The Milky Way as seen from Sedona, Arizona
The Milky Way Galaxy, commonly referred to as just the Milky Way, or sometimes simply as the Galaxy, is the home galaxy of the Solar System, and of Earth. It is agreed that the Milky Way is a spiral galaxy, with observations suggesting that it is a barred spiral galaxy. It contains 200-400 billion stars and is estimated to have at least 50 billion planets, 500 million of which could be located in the habitable zone of their parent star. New data suggests there may be up to twice as many free-floating planets in the Milky Way as there are stars. The Milky Way is part of the Local Group of galaxies and is one of around 200 billion galaxies in the observable universe.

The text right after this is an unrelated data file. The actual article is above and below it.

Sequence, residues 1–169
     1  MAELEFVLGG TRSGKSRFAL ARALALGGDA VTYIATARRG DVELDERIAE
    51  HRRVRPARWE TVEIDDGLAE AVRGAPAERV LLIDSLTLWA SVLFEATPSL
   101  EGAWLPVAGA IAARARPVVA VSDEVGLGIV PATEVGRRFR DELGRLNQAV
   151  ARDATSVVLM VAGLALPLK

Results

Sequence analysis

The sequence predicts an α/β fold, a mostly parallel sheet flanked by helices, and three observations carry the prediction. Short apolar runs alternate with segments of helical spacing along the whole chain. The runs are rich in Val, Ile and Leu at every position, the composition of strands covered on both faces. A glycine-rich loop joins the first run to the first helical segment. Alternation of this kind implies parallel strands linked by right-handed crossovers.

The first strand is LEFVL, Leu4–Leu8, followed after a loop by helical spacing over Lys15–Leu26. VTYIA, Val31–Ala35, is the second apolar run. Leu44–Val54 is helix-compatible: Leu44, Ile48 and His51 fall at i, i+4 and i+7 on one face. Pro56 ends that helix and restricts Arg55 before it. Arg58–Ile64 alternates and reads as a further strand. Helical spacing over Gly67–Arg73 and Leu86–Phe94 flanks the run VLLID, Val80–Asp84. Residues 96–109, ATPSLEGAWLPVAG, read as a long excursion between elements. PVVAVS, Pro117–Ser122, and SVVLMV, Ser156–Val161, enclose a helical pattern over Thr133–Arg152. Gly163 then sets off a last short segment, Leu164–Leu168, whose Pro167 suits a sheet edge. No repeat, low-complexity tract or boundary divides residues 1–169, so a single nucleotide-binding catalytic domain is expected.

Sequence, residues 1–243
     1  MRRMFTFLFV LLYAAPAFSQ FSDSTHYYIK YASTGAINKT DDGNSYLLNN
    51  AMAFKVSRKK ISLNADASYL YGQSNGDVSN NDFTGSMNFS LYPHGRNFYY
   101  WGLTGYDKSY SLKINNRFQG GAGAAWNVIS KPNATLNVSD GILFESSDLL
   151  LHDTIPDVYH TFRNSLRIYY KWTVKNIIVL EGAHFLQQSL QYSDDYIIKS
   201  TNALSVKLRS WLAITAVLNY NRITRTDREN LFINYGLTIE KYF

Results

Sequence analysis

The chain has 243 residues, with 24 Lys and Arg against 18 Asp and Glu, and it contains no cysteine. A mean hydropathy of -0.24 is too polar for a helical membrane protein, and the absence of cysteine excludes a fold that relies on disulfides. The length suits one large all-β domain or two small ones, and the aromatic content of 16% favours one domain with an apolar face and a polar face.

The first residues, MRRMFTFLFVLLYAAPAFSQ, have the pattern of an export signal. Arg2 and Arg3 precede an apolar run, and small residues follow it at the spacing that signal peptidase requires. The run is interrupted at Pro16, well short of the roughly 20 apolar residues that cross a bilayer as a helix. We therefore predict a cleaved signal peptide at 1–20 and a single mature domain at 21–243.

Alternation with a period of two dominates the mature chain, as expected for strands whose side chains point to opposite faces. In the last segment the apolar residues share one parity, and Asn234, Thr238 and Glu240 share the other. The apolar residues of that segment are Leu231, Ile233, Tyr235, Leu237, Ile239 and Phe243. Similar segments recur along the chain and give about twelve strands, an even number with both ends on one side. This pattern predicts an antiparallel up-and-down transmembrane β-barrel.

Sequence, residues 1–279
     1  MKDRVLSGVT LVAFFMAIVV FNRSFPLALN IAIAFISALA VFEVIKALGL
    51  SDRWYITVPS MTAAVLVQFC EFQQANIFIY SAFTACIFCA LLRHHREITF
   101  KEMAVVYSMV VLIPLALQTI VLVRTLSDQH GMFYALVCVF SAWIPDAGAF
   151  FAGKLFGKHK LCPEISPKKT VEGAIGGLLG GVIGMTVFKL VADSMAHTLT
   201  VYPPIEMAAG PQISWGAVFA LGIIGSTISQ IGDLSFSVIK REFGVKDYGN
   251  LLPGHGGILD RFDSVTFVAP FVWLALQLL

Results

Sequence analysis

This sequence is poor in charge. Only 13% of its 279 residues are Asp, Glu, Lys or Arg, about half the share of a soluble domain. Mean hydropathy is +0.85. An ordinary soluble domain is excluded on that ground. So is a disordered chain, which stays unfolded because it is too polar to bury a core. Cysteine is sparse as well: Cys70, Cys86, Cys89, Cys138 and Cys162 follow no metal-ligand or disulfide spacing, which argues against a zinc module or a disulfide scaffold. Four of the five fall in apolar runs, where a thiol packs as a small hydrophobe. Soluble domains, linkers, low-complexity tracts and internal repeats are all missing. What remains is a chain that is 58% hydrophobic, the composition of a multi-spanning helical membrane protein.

The Solar System is located in the Milky Way galaxy around two thirds of the way out from the center, on the inner edge of the Orion–Cygnus Arm. The Sun orbits around the center of the galaxy in a galactic year—once every 225-250 million Earth years.
The “Milky Way” is a translation of the Latin Via Lactea, in turn translated from the Greek Γαλαξίας (Galaxias), referring to the pale band of light formed by stars in the galactic plane as seen from Earth.